• Is a curious and humble listener. Almost all the transformation leaders we spoke with noted their ability to act as a learner who empowers others. Part of that is understanding the big picture but also showing a desire to dive deep into the details. “There were times I had to change my mind because I was wrong, and it was OK,” one transformation leader told us. “You have to be willing to listen to someone who is five layers below you explain it to you, because you don’t know.”

    “You need to be able to put yourself in the operator’s shoes,” said one consumer products transformation officer. “The moment you act as a knower, you will fail. You need to be an orchestrator and a challenger.” Another said she asked questions with a humble approach: “I don’t know this as well as you, but I know enough to know this doesn’t make sense yet.”

  • Is confident challenging the status quo. Transformation leaders unanimously noted the need to be comfortable with questioning all levels of the organization. Part of this is having the tenacity and stamina to see things to fruition, by sweating the details and holding peers accountable.

    Respondents also stressed the importance of being able to challenge top leadership. “[My CEO] expects me to be open and direct—to tell him what he needs to know even if he doesn’t want to hear it,” the transformation chief of one retailer told us. “You’re DOA [dead on arrival] if you don’t have that.”

  • Brings out the best in others. Many CTOs noted that their own enthusiasm and personal commitment to change are useful in setting a broader tone. Some said the role was also an accelerator for careers, by giving others new responsibilities and challenging them to do more than they currently do or thought possible. “My superpower is helping people build confidence in themselves,” one transformation officer said.

    McKinsey research shows that the overwhelming majority of transformations fail, with much of that failure stemming from leadership or employee resistance to change. A CTO’s ability to galvanize and inspire others is crucial to mobilizing the organization.

  • Keeps the organization’s energy up. Great CTOs realize that transformations are a marathon, not a sprint. Our research shows that 78 percent of transformation failure occurs after the initial stage, and 55 percent occurs during the long journey of implementation. Leaders who beat the odds are able to keep up the organization’s energy, focus, and commitment to transformation over time. The CTOs we spoke with found creative ways of doing this that fit with their culture. “In one month, we had milestone completion contests; in another month, we solicited crazy ideas to improve the business,” one transformation officer said.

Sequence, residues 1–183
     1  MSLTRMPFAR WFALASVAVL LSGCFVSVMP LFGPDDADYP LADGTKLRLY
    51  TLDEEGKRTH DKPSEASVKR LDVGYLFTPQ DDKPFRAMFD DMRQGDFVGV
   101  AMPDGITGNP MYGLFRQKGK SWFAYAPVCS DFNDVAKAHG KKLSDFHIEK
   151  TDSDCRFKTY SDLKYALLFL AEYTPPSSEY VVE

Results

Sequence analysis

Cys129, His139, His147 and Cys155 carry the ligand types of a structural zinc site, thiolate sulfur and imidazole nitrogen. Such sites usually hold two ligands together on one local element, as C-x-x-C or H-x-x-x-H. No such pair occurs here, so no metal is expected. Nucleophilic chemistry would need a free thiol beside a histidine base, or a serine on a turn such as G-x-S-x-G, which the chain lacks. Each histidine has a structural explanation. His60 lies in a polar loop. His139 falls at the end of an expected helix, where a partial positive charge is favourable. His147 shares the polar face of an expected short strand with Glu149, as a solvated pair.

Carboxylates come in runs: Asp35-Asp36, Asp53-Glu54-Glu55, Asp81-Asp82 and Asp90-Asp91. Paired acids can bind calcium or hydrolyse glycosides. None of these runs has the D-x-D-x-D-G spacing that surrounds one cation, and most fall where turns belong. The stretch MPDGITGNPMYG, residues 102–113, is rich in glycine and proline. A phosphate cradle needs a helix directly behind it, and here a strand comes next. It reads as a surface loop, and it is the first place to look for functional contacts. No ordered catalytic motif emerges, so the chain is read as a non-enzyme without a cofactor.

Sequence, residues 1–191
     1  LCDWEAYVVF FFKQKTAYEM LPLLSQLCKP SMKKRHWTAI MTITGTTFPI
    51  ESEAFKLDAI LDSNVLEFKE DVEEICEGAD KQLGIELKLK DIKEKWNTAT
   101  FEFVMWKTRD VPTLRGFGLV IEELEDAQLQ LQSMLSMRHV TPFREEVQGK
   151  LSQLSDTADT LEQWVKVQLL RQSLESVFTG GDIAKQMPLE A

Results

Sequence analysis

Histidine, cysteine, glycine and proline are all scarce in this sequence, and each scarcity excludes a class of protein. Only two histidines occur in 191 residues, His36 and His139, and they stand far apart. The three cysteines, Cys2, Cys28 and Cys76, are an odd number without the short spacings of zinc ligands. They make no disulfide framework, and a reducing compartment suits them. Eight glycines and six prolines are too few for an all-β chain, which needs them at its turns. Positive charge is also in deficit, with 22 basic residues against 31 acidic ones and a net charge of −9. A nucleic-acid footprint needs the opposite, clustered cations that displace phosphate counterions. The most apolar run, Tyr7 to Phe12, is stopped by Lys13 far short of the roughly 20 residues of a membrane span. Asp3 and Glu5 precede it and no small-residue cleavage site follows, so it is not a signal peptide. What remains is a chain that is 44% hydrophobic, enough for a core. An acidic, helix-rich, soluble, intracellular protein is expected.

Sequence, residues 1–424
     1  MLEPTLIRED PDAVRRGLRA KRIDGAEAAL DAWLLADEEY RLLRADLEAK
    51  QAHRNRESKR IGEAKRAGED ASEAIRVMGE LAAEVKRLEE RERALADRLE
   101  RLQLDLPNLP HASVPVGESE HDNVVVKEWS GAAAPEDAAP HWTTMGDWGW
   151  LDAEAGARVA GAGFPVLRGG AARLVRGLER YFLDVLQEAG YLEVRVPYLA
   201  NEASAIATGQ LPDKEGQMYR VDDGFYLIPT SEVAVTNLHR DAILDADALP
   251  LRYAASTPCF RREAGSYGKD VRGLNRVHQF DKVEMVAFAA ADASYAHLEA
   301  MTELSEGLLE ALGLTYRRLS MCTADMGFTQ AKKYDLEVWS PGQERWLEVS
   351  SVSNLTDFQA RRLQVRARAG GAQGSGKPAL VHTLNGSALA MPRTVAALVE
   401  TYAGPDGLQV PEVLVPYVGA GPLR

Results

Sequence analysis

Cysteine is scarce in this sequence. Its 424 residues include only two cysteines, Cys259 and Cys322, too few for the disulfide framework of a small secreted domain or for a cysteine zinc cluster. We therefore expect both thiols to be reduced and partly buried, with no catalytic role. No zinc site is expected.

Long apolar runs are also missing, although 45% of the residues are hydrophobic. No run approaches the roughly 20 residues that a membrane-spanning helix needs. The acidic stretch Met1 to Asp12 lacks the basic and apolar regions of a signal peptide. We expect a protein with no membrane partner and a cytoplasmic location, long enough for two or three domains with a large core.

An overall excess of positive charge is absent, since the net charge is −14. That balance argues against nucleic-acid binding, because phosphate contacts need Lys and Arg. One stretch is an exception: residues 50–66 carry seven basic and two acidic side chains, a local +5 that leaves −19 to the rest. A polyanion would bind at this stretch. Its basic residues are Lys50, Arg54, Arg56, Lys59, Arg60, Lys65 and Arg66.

The organization: Five factors that position a CTO for success

In our experience with hundreds of transformations worldwide, we’ve found that the most successful CTOs benefit from strong and sustained organizational support so they can drive true transformation. This support most frequently manifests itself in five ways.

Unwavering support from the CEO

CTOs are most successful when they are positioned as a peer to the top team and C-suite, operating with the full backing of the CEO in words and deeds. These CTOs often point to a CEO who is willing to engage and make the tough calls (including turning others away if they try to make an end run around the CTO). As one CTO put it, “I am a confidant to the CEO.”

License to engage all employees

Our research has shown that transformations are far more likely to succeed when a significant percentage of employees meaningfully participate in driving the change (for instance, by owning an initiative). CTOs must have the mandate to mobilize the broader organization. A CTO’s direct team can be small, but its organizational footprint should be large. “We have over 350 people involved,” a CTO told us. “Not everyone is an initiative owner, but everyone has objectives related to initiatives.”

A well-oiled ‘execution engine’

The transformation office—and the new operating speed that goes with it—is central to the CTO’s ability to deliver real and lasting change. As one CTO noted, “We are going into year three and I still maintain a weekly cadence, which is critical to maintaining the success and momentum of our transformation.”

A robust incentive program

Our research shows that companies that implemented financial incentives tied directly to transformation outcomes achieved almost a fivefold increase in total shareholder returns. One CTO referred to himself as “the chief bonus officer.” However, the most successful transformations typically deploy a mix of financial and nonfinancial incentives, all the while keeping in mind the variety of factors that motivate employees.

Emphasis on the ‘soft stuff’ (to drive hard results)

Several CTOs we interviewed emphasized the importance of changing mindsets and behaviors, which is critical to creating sustained performance improvement and to helping employees build new capabilities. In some cases, CTOs said they used the transformation office as a “leadership academy” to train the next generation of high performers at the company.

The CTO role is unique by design, requiring a versatile leader with the conviction and flexibility to adapt to whatever circumstances arise. The CTOs we spoke with said they truly enjoyed the job, while noting the high-risk, high-reward nature of it. “The work is incredibly exciting and impactful,” one leader told us. “It is also very time intensive and emotionally taxing.” In this era of nonstop disruption, consumer companies that recognize the value of the CTO role are positioning their transformations to succeed as well.